On the subject of compatibility, I don't want to scare you off, but let me point out that the more
advanced the client-side coding is, the more likely it is that there will be issues. The majority of these
issues are merely little annoyances, similar to flies buzzing around. These "flies" aren't fatal, but it is a
good idea to keep these things in mind.

2.6 An Ajax Encounter of the Third Kind

The fifth part of Ajax, an optional part, isn't for the faint of heart. It transcends the "mad scientist stuff"
into the realm of the magical, and it is called eXtensible Stylesheet Language for Transformations, or
XSLT. In other words, if Ajax really was mad science and it was taught in school, this would be a 400-
level course. Why? The reason is that the technology is both relatively new and very, very browser
dependent. However, when it works, this method provides an incredible experience for the user.

2.6.1 XSLT
XSLT is an XML-based language that is used to transform XML into other forms. XSLT applies a style
sheet (XSLT) as input for an XML document and produces output—in most cases, XHTML or some
other form of XML. This XHTML is then displayed on the browser, literally in the "wink of an eye."
One of the interesting things about XSLT is that, other than the XML being well formed, it really
doesn't make any difference where the XML came from. This leads to some interesting possible sources
of XML. For example, as you are probably aware, a database query can return XML. But did you know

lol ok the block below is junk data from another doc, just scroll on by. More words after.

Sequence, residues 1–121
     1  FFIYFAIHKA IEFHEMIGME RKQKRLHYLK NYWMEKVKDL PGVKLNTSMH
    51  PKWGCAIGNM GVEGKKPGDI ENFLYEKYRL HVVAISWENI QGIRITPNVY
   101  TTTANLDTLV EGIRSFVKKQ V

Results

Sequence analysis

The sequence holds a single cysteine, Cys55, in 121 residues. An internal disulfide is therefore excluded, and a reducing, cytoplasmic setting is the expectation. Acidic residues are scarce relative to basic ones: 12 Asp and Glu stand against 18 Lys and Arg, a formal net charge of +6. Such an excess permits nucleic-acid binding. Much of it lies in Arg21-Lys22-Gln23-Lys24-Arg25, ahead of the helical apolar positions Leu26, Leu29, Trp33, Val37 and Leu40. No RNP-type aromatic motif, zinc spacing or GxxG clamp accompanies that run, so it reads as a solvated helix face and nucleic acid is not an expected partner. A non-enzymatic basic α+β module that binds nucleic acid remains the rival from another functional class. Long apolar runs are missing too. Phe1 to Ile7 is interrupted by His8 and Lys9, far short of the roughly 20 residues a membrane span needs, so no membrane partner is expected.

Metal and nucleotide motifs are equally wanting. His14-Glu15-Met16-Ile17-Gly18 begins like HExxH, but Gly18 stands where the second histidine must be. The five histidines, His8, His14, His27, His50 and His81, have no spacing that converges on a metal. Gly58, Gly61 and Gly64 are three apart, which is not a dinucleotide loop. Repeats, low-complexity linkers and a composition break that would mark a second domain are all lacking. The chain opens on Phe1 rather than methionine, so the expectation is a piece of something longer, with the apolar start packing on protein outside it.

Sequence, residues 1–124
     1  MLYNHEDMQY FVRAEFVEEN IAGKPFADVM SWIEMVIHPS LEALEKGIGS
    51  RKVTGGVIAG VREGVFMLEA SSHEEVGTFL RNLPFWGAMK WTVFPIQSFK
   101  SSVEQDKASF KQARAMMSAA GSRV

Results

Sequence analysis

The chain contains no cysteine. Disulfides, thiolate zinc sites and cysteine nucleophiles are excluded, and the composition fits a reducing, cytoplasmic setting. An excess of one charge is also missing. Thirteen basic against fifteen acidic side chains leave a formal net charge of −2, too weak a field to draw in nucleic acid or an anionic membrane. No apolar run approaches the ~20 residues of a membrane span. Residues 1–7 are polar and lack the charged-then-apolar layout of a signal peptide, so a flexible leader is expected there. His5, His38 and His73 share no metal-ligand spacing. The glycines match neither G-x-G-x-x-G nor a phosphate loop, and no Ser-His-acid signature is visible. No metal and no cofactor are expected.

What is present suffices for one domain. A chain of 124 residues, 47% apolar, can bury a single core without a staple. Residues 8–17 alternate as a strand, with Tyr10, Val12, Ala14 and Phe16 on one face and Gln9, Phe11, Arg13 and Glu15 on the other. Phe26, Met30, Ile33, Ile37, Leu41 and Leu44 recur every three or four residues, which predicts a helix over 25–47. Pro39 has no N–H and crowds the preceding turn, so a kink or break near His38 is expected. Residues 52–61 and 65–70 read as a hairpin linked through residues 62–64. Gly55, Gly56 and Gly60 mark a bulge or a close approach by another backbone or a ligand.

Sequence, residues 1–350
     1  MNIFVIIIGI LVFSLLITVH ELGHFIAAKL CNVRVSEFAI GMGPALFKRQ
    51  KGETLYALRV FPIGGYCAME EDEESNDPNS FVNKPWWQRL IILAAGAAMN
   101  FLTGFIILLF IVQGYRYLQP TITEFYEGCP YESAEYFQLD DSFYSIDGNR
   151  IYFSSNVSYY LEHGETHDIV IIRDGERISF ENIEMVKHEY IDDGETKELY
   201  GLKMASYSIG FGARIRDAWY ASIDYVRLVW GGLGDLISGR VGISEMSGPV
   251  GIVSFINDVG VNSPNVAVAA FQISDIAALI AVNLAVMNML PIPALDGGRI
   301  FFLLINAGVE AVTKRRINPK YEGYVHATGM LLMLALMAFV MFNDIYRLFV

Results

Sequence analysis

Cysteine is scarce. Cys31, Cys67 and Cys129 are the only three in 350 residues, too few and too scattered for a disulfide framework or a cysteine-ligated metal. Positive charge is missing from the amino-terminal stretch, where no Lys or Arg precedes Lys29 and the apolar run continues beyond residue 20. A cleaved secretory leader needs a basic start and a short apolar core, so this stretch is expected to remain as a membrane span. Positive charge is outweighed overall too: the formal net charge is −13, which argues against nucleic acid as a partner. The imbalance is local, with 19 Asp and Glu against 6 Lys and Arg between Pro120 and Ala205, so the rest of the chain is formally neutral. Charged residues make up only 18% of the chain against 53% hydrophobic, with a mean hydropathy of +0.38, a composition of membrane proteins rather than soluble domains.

that an Excel spreadsheet can be saved as XML? XSLT can be used to transform any XML-derived
language, regardless of the source.
Listing 2-9 shows a simple Internet Explorer–only web page along the same lines as the earlier
examples. By using XSLT and the XMLHttpRequest object to retrieve both the XML and XSLT
shown in Listing 2-10, it is extremely flexible. This is because after the initial page is loaded, any
conceivable page can be generated simply by changing the XML and/or the XSLT. Sounds pretty
powerful, doesn't it?
Listing 2-9 A Simple IE-Only Web Page
1 <html>
2 <head>
3 <title>AJAX Internet Explorer Flavor</title>
4 <script language="javascript">
5 var dom = new ActiveXObject('MSXML2.FreeThreadedDOMDocument.3.0');
6 var xslt = new ActiveXObject('MSXML2.FreeThreadedDOMDocument.3.0');
7 var objXMLHTTP;
9 /*
10 Obtain the initial XML document from the web server.
11 */
12 function initialize()
13 {
14 doPOST(true);
15 }
17 /*
18 Use the XMLHttpRequest to communicate with a web service.
19 */
20 function doPOST(blnState) {
21 var strURL = 'http://localhost/AJAX/msas.asmx';
23 objXMLHTTP = new ActiveXObject('Microsoft.XMLHTTP');
27 if(blnState)
28 objXMLHTTP.setRequestHeader('SOAPAction','http://');
29 else
31 objXMLHTTP.setRequestHeader('SOAPAction','');
33 objXMLHTTP.setRequestHeader('Content-Type','text/xml');
35 objXMLHTTP.onreadystatechange = stateChangeHandler;
37 try
38 {
39 objXMLHTTP.send(buildSOAP(blnState));
40 }
41 catch(e)
42 {
43 alert(e.description);
44 }
45 }
47 /*
48 Construct a SOAP envelope.
49 */
50 function buildSOAP(blnState) {
<html> <head> <title>AJAX Internet Explorer Flavor</title> <script language="javascript"> var dom